1. Interesting. But if enough people voice they want ‘revenge’ would the courts have to take that focus into account? Or would the response be like adults patting kids on the head saying ‘one day, you’ll understand?’

  2. I think we sometimes don’t understand that our current “justice” is for offenders. We have a “social safety net” for victims. Currently, I don’t think either is in accordance with our collective will and idea of justice. Perhaps we need to re-think both.

  3. I think that one of the key things to remember – or perhaps that I assure myself with – is the fact that commenting on articles on the Internet tends to bring out, for the most part, those on either extreme end of a large spectrum. Working in social services as I do, and associating with co-workers who have similar mindsets to my own, I often find myself shocked or outraged by the commentary I read online (I think to myself, “people still think like that?”). “An eye for an eye” (and sometimes worse) is how too many who choose to use this mode of expression think.

    I am thankful that our justice system does NOT reflect the opinions of these members of “our society.”

    Now, having said that, I will confess that my own opinions are on the opposite end of that large spectrum I spoke of earlier. I’m not even of the retribution (punishment) mindset. I believe than even in the justice system, people should have consequences (not punishment) for their behaviour. In many cases, the sentences given out could be thought of as consequences – you break the law, you lose the privilege of having freedom (and of course I get that those I disagree with would say “an eye for an eye” IS the consequence) – but it is the terminology I struggle with (i.e. retribution/punishment). My sense of justice for a crime committed would result in a combination of consequences and the protection of law abiding citizens.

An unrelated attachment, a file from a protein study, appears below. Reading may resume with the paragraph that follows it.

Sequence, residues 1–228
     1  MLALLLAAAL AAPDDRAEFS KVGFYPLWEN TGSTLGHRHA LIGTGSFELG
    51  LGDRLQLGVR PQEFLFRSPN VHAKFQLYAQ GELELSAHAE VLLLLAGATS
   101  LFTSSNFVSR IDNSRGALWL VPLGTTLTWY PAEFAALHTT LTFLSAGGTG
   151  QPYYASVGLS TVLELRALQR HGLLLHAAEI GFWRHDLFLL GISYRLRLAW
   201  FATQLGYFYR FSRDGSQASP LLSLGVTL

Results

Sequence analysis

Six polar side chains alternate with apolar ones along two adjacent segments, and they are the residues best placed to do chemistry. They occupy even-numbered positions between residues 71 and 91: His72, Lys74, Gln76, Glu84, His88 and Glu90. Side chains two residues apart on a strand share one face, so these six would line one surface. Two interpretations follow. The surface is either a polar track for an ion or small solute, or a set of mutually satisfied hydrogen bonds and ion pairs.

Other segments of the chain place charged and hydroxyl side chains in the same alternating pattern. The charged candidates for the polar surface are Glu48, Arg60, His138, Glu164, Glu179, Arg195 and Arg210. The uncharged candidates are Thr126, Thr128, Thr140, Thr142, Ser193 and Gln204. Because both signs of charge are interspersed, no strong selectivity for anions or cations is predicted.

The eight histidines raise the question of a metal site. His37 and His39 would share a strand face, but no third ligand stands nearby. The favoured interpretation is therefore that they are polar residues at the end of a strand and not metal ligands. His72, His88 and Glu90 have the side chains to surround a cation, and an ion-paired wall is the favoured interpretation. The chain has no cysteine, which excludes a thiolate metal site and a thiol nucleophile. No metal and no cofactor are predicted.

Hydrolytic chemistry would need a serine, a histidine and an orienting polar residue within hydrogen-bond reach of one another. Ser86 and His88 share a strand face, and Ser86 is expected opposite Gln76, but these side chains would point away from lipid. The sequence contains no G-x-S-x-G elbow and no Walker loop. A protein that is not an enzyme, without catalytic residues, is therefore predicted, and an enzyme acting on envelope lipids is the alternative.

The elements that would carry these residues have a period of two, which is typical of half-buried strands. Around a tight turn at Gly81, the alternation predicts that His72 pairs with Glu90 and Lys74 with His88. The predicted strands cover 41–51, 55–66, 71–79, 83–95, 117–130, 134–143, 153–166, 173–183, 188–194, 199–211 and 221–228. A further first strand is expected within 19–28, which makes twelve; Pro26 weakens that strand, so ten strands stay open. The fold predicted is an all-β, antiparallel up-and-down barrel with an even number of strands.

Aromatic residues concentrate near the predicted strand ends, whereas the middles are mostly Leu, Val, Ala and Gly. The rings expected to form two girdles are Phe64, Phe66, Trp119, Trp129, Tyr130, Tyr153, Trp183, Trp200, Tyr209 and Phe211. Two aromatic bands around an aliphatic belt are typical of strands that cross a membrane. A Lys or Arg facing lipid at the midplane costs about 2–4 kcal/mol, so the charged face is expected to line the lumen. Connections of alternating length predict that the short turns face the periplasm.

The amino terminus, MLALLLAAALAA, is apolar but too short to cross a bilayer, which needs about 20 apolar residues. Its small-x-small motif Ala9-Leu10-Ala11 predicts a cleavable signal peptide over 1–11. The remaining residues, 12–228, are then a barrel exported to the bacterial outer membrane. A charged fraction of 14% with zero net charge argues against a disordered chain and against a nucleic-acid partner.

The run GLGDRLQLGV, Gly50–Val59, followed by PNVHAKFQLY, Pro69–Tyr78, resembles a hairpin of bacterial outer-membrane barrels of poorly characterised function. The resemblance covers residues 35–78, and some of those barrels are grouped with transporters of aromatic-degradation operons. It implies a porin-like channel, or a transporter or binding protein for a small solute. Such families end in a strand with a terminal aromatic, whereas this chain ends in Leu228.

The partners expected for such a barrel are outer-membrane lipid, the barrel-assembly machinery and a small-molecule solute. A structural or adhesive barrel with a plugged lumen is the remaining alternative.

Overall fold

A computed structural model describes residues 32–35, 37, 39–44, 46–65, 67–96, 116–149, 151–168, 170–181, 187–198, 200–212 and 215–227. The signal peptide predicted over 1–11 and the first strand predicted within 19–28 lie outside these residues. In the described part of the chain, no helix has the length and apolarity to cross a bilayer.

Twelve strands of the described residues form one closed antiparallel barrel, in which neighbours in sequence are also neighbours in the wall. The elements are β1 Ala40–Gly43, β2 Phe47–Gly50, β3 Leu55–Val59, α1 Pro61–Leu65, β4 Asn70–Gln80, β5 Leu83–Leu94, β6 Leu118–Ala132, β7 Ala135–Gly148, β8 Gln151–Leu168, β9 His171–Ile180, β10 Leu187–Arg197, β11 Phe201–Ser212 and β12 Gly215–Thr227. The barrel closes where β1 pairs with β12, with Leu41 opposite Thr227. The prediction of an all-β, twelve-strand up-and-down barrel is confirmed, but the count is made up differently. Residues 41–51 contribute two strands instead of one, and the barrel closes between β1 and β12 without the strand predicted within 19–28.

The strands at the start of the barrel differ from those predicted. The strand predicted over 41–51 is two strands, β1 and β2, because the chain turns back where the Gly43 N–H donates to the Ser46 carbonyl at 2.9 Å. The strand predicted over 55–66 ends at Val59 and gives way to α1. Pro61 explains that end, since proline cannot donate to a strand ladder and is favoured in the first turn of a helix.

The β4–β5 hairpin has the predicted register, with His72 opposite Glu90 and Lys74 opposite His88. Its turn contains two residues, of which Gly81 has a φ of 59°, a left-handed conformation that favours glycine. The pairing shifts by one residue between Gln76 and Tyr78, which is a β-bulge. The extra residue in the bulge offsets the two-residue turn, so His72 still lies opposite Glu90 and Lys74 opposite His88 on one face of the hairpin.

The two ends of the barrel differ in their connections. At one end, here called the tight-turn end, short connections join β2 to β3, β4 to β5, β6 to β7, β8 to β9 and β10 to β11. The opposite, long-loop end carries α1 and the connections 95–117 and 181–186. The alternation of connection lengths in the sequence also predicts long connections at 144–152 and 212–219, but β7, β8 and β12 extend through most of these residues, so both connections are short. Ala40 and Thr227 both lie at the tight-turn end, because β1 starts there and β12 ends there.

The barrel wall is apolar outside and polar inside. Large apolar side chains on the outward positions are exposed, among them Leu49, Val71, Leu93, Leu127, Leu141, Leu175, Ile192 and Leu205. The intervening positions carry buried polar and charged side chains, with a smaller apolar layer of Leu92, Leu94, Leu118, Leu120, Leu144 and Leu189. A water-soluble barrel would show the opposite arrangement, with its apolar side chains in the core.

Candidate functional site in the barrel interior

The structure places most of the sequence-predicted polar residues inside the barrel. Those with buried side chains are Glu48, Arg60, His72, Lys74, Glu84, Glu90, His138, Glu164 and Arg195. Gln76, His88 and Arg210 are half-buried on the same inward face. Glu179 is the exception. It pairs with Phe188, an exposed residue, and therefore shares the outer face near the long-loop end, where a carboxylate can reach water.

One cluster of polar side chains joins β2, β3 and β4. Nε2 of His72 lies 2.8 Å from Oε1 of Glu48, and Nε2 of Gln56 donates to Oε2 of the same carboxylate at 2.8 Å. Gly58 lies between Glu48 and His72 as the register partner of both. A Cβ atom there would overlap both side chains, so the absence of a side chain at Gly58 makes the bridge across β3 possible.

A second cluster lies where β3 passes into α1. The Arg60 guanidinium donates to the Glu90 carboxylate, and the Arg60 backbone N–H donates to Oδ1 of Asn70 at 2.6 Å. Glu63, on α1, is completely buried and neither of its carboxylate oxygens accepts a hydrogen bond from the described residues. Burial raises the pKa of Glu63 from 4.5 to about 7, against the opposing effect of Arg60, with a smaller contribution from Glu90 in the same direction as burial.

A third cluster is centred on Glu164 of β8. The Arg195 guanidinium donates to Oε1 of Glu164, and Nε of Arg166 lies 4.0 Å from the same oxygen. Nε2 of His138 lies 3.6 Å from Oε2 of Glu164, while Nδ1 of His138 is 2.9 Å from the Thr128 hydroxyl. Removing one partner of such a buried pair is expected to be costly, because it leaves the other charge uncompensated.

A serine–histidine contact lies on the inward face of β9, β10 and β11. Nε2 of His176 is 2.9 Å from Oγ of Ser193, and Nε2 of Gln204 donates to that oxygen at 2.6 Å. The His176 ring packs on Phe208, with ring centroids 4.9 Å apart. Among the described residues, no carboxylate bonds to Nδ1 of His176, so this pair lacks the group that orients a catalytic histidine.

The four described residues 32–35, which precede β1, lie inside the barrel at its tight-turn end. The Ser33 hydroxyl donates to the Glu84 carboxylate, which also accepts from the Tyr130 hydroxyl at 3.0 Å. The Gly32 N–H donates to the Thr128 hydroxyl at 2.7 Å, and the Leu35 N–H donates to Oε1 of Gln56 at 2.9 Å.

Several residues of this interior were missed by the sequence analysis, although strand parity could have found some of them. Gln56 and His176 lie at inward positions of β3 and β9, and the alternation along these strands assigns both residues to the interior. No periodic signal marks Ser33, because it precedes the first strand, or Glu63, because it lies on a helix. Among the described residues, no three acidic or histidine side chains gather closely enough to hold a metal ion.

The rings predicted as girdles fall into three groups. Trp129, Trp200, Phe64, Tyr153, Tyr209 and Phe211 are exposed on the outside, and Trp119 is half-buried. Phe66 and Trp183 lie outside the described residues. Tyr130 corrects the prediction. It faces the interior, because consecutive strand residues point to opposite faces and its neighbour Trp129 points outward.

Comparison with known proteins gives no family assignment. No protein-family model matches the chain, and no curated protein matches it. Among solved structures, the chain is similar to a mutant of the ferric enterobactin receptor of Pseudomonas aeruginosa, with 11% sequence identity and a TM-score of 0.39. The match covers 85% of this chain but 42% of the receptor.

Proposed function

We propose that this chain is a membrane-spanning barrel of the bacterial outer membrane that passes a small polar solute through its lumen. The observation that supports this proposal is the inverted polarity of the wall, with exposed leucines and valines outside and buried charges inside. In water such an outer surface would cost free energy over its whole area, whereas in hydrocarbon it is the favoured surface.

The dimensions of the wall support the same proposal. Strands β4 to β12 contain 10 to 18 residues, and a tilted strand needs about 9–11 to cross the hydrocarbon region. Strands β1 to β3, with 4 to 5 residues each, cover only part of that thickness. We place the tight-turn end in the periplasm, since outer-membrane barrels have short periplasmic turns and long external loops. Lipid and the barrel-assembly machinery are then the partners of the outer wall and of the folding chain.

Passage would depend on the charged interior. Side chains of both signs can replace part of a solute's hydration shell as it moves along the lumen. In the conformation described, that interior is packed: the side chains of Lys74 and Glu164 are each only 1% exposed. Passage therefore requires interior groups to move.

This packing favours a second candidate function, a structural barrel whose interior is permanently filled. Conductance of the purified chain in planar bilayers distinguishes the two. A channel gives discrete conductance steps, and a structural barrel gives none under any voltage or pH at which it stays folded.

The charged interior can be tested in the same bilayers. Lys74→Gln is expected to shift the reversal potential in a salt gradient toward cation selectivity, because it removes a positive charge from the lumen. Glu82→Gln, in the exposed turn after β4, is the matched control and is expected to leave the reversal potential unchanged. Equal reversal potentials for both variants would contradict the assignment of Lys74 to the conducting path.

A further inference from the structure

Hmmm. Now that I think about it, I guess it isn’t the two ends of the spectrum that express themselves again and again online… or I, on the extreme other end, would be doing it too. For me, commenting on online news articles happens only when I’m particularly outraged by the commentary I’ve read. I usually regret it afterwards. While I can understand where that thinking comes from (I’ve spent a fair amount of time around folks who think that way), I don’t agree with it.